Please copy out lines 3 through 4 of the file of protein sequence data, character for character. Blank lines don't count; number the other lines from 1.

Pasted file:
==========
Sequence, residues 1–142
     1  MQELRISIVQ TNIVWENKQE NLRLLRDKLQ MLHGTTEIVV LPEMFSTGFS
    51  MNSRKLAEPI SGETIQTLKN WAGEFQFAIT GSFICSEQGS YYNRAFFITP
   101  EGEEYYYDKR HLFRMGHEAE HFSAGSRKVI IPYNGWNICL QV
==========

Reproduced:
    51  MNSRKLAEPI SGETIQTLKN WAGEFQFAIT GSFICSEQGS YYNRAFFITP
   101  EGEEYYYDKR HLFRMGHEAE HFSAGSRKVI IPYNGWNICL QV